inflammation 572


What is SR?



SR, Sedimentation Rate or Erythrocyte Sedimentation Rate (ESR), is a measurement of how quickly red blood cells in a blood test fall to the bottom of a tube over the course of an hour.

Normal (low) levels of SR suggest that there is little or no systemic inflammation in your body.

Measuring SR is relevant when monitoring inflammatory conditions. Inflammation in the body causes red blood cells to stick together. This, in turn, makes them heavier. When measuring SR, the pace of which the red blood cells fall to the bottom of the tube will determine the level of SR. The faster they fall, the higher the SR.

As a biomarker for inflammation, SR is also used as a tool to diagnose autoimmune conditions including rheumatoid arthritis and lupus erytomatosus.



Low levels SR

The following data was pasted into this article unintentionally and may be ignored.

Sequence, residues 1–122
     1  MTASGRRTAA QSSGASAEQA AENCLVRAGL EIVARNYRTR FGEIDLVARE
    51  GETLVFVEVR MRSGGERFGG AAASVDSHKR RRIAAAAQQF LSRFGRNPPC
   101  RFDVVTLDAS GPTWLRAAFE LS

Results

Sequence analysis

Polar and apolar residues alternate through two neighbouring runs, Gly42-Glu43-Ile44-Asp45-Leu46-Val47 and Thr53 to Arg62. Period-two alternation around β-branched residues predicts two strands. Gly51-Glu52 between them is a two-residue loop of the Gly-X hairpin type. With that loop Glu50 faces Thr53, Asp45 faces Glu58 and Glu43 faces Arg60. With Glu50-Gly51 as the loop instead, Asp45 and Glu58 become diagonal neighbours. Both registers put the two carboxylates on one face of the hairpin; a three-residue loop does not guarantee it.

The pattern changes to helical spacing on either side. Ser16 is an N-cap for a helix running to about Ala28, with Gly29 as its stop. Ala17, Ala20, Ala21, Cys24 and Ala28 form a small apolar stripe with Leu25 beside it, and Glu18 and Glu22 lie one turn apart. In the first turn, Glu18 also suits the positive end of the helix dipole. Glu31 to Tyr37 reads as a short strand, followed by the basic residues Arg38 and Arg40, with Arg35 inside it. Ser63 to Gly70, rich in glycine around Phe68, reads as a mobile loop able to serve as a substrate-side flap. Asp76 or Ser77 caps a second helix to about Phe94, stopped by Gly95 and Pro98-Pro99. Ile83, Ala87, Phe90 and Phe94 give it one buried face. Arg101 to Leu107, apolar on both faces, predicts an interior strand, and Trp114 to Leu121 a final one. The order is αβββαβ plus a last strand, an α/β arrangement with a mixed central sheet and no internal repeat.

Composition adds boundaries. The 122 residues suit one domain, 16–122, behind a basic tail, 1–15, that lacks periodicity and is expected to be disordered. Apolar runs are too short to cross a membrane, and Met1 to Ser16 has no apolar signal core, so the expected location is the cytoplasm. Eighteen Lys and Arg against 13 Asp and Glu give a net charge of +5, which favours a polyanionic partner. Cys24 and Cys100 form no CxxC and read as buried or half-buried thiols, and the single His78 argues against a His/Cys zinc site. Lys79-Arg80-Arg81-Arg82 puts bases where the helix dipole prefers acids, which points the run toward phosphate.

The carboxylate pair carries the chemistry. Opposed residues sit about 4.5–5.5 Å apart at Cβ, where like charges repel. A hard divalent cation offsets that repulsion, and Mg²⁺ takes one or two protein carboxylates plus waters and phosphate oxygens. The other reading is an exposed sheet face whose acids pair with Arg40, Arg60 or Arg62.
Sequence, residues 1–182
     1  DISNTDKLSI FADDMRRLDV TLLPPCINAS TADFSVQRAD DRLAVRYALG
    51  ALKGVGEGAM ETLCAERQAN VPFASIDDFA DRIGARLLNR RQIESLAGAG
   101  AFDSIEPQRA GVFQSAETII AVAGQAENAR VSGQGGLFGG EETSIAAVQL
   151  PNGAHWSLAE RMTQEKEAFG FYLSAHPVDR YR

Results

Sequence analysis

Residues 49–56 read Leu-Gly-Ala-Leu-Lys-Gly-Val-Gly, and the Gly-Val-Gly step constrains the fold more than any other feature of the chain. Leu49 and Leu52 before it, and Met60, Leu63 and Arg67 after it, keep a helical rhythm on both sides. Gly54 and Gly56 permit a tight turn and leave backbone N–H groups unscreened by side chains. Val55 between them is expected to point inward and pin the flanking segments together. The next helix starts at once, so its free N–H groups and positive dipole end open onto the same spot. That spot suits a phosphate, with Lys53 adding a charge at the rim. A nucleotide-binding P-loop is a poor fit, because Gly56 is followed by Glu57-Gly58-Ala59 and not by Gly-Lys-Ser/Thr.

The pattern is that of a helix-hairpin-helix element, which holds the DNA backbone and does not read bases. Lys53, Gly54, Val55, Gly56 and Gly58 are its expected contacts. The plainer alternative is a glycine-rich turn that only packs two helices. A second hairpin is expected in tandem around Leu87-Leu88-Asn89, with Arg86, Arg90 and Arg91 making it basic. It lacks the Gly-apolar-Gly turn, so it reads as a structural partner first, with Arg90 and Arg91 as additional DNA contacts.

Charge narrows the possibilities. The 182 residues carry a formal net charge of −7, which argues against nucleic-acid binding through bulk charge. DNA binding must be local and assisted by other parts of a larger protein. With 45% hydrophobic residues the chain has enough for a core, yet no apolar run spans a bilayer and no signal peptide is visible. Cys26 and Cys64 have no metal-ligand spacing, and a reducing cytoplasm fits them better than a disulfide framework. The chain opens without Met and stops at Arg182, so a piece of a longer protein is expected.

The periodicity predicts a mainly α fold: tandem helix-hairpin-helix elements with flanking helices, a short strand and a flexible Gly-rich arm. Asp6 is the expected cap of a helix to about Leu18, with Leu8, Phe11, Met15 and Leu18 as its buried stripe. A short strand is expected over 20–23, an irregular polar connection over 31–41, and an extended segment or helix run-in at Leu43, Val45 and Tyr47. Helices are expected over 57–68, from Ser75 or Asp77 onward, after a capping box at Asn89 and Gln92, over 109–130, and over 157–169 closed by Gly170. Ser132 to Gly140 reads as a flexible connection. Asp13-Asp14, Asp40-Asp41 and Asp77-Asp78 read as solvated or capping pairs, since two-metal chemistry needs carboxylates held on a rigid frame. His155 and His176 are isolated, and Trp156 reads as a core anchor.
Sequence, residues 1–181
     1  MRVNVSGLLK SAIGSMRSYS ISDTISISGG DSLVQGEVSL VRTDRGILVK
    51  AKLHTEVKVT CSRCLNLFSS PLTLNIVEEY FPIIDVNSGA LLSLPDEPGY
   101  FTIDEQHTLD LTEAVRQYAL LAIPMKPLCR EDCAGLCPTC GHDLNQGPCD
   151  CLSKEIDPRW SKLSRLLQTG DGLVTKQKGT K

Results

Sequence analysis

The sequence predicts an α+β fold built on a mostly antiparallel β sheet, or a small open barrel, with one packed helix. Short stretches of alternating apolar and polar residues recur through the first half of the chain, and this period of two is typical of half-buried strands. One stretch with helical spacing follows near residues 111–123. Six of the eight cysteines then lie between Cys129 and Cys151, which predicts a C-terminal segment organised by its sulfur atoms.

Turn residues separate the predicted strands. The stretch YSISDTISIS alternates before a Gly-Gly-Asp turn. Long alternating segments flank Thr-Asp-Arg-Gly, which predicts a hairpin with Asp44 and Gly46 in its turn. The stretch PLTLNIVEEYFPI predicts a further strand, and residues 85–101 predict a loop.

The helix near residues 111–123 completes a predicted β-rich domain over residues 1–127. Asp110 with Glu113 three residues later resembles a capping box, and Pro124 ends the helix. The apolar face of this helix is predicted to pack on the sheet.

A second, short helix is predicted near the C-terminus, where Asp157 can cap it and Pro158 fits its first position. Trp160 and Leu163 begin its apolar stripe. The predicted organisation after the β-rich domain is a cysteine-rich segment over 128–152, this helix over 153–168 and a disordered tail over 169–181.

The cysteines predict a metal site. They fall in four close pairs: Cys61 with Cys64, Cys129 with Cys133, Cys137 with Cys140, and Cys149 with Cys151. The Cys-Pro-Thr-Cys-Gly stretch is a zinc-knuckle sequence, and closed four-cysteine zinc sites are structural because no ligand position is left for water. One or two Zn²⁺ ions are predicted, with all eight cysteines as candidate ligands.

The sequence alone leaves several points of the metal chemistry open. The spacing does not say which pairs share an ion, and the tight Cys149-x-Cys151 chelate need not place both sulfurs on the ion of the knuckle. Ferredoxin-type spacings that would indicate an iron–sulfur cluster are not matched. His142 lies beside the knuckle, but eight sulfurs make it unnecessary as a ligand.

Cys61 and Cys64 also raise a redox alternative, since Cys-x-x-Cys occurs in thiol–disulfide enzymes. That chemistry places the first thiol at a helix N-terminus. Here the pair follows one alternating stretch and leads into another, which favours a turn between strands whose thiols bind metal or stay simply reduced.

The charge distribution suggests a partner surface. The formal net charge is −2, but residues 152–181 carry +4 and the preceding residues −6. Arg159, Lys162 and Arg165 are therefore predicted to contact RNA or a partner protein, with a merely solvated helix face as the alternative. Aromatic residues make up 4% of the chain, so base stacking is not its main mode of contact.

Low SR levels indicate little or no inflammation in the body. Low levels will usually not have a specific medial significance, however it is sometimes used as a tool to exclude suspicion of certain conditions.



High levels SR



High SR levels indicate that there is an inflammation in the body. However, a high SR is not specific to a particular condition or disease. This means that elevated SR levels can be caused by everything from temporary infections to more chronic autoimmune diseases.
To better understand underlying causes of increased SR levels, the healthcare provider might have to take several factors into consideration such as symptoms, family history and additional tests.